Alzheimer’s is a mental health and brain disorder that affects over 3 million people in America a year.
This is a type of dementia that causes problems with one’s memory and thinking. It causes a progressive loss of brain cells that decline cognitive abilities.
This may make everyday tasks difficult for Alzheimer’s sufferers.
There are 7 stages to this disease.
1.) there is no impairment at all. During this stage, Alzheimer’s is not detectable and no memory problems or other symptoms of dementia are noticed.
2.) A very mild decline
3.) A mild decline
4.) A moderate decline
5.) moderately severe decline
6.) severe decline
7.) An extremely severe decline
The FDA has approved two types of medications for the treatment of Alzheimer’s disease: Cholinesterase inhibitors and Memantine.
Let’s take a look at these medications:
Cholinesterase inhibitors block the breakdown of the neurotransmitter acetylcholine. Acetylcholine is important in memory, learning, and cognition. This increases the amount of acetylcholine in the synaptic cleft that can bind to brain cell receptors.
List of Cholinesterase inhibitors:
May Come with Side Effects
Side effects may occur when on cholinesterase Inhibitors. These include vomiting, diarrhea, nausea, muscle cramps, weight loss, insomnia, headaches, hallucinations, nightmares or weird dreams, and confusion.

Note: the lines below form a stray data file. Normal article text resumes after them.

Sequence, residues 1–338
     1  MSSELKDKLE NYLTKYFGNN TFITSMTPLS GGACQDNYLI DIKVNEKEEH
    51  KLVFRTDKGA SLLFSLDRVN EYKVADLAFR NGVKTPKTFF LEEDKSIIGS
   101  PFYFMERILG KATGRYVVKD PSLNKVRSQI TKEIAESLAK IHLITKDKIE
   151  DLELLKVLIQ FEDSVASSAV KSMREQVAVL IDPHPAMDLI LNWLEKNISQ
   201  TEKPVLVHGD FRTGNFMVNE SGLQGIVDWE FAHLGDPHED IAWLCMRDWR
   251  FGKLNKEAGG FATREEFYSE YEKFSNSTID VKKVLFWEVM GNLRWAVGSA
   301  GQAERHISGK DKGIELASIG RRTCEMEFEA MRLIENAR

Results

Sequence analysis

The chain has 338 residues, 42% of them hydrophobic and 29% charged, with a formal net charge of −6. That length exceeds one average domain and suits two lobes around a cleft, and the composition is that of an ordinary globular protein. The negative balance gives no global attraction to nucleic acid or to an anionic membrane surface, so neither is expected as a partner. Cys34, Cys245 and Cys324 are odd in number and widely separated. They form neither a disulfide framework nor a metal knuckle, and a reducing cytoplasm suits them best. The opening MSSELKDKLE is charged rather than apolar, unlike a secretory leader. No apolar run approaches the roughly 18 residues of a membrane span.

Also, something to note is that cholinesterase inhibitors interact with anticholinergic medications, such as Artane and Cogentin.
Memantine for Alzheimer’s
Memantine is a medication used to treat the disease. It is able to treat the moderate to severe stages of Alzheimer’s.
Memantine is in a class called NMDA receptor antagonists.
It may improve symptoms such as memory, and taking care of daily tasks. Although, memantine is less preferred than cholinesterase inhibitors.
Namenda is a memantine medication used for Alzheimer’s.
May Come with Side Effects
Side effects may occur, but if they outweigh the symptoms of the condition, then the medication may be of benefit. These side effects include confusion, dizziness, headaches, constipation, physical pain, cough, and high blood pressure.
It is important to consult healthcare professionals for accurate diagnosis, treatment, and support for individuals affected by Alzheimer’s disease and their caregivers. You may want to visit mytelemedicine today to speak with a physician. They are online and available 24/7.
Alzheimer’s Association. (n.d.). About Alzheimer’s Disease. Retrieved from https://www.alz.org/alzheimers-dementia/what-is-alzheimers
National Institute on Aging. (2020). Alzheimer’s Disease Fact Sheet. Retrieved from https://www.nia.nih.gov/health/alzheimers-disease-fact-sheet